Police Accused Of Firing Taser At Pregnant Bride
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Police Accused Of Firing Taser At Pregnant Bride

NBC 4 | October 25, 2004

EVERGREEN PARK, Ill. -- A man and his daughter have filed a lawsuit alleging a couple of Evergreen Park police officers assaulted them with a Taser gun at the woman's backyard wedding reception.

Clarence Phelps, 54, and Romona Madison, 32, filed the federal civil rights lawsuit Tuesday against two officers and the Village of Evergreen Park.

According to the lawsuit, a black female officer on Sept. 18 told Phelps outside his home at 9124 S. Francisco Ave. that the police department had received a noise complaint after 11 p.m. and that he should turn down the music at his daughter's wedding reception, NBC5's Renee Ferguson reported.

Phelps, who is also black, said he turned off the music, but the officer did not leave, according to the lawsuit. When Phelps approached the officer to ask why she was still on his premises, she demanded his identification and called for backup, the lawsuit states.

But, according to a statement from the Evergreen Park Police Department, the officer called for backup after Phelps called the officer an expletive.

Another officer arrived and tried to arrest Phelps, who police claim pushed the officer. That's when Phelps was shot with a Taser gun. According to Phelps' attorney, the officer used the stun gun without provocation.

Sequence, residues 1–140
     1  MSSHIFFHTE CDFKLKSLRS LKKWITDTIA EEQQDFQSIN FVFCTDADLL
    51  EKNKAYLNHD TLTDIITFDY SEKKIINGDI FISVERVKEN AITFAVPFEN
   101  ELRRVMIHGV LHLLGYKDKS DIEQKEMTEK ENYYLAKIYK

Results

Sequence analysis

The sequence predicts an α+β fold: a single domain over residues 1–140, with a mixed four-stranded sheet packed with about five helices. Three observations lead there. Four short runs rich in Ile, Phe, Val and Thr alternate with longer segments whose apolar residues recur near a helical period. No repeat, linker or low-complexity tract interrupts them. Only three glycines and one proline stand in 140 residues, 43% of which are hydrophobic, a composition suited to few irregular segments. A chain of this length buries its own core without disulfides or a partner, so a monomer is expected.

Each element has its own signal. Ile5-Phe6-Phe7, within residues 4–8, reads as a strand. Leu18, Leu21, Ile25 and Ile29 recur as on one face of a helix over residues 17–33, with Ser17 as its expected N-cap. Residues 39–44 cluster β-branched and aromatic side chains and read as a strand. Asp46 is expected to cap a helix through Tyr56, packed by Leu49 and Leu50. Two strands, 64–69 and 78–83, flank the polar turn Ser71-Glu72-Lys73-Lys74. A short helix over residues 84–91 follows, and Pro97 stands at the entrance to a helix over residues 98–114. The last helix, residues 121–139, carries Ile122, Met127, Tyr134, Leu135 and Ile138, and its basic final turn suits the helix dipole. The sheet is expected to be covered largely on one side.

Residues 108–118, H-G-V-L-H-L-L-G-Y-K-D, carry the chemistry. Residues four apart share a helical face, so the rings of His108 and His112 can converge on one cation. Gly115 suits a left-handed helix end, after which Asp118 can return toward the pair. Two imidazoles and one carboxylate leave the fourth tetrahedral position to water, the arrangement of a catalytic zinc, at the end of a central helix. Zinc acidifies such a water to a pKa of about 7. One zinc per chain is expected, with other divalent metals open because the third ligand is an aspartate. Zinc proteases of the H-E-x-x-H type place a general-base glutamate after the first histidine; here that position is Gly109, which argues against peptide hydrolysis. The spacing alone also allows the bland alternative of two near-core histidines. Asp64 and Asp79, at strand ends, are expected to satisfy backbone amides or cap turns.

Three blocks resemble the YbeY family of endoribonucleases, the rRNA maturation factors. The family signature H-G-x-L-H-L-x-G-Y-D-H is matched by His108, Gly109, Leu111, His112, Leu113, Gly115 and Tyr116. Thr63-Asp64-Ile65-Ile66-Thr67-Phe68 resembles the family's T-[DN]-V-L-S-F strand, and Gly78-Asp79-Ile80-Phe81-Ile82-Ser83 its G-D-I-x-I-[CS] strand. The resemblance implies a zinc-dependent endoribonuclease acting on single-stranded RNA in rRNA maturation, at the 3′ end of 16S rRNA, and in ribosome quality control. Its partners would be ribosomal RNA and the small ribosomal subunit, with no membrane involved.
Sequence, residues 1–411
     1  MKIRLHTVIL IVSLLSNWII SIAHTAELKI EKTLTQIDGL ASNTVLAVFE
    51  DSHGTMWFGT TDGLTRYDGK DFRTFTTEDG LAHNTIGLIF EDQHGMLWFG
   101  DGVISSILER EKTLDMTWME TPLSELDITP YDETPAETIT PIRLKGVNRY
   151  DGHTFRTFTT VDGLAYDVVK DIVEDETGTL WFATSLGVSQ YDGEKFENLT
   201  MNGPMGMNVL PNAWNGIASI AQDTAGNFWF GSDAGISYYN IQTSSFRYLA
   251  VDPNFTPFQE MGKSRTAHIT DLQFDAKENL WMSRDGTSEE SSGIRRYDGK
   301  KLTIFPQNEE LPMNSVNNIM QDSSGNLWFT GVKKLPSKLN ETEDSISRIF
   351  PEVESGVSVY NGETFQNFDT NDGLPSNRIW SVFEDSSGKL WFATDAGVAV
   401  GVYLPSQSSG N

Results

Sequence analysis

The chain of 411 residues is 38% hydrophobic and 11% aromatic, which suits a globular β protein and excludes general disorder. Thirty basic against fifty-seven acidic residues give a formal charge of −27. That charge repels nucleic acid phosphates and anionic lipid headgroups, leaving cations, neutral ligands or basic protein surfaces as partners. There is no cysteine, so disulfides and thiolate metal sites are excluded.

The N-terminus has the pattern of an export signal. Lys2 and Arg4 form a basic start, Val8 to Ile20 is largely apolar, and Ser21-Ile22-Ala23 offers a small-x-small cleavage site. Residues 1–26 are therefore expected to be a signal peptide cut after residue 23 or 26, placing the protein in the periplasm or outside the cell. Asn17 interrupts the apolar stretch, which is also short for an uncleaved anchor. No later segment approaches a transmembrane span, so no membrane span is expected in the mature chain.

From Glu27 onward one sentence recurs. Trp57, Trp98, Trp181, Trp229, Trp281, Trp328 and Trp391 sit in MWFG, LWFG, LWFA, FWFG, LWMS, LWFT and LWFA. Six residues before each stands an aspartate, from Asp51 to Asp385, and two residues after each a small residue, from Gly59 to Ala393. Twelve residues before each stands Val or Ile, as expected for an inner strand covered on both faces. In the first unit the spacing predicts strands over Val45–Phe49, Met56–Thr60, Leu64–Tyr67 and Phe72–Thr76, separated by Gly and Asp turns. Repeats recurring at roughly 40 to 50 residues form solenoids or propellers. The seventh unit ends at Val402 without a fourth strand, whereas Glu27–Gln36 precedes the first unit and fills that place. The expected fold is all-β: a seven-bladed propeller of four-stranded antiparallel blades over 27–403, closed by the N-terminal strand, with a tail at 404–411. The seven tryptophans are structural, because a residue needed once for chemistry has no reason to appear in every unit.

Phelps, who is a part-time state police officer and truck driver, was then taken into custody, Ferguson reported.

In court documents, Madison states she saw what happened to her father, screamed, and asked the officer to stop. The officer allegedly turned the Taser gun toward her and threatened the bride with it, according to the lawsuit.

Madison ran into the home, and one of the officers followed. That officer then allegedly shot Madison with the Taser gun twice in the abdomen, despite being told by witnesses that she was pregnant.

A prong from the stun gun reportedly became lodged in Madison's stomach and had to be removed by paramedics, Ferguson said.

A third officer allegedly held a gun to Madison's head as she was being arrested.

After being released from custody, Madison sought medical care and doctors told her the unborn child's vital signs were weak and that tests would show whether she would lose the baby, according to a news release from the law firm of Richardson, Stasko, Boyd & Mack.

"It is unclear, the condition of the baby, but we hope for the best," said Elliott Richardson, the woman's attorney.

The lawsuit accuses the defendants of excessive force, assault and battery, negligence and failure to provide timely medical attention.

No court date was set for the lawsuit, which seeks unstated damages.

Police admit using the Taser gun on Madison's abdomen. According to their statement, an officer found Madison hiding in a closet inside the home. When she refused to come out, police said two officers used the stun gun on the woman.

Phelps was charged with resisting arrest, battery to a police officer and keeping a disorderly house, while Madison was charged with battery to a police officer and resisting arrest, according to police and attorneys.

Phelps was scheduled for a preliminary hearing at 1:30 p.m. Oct. 19 in Bridgeview Court, according to court records.

Court information was not immediately available for Madison.

 

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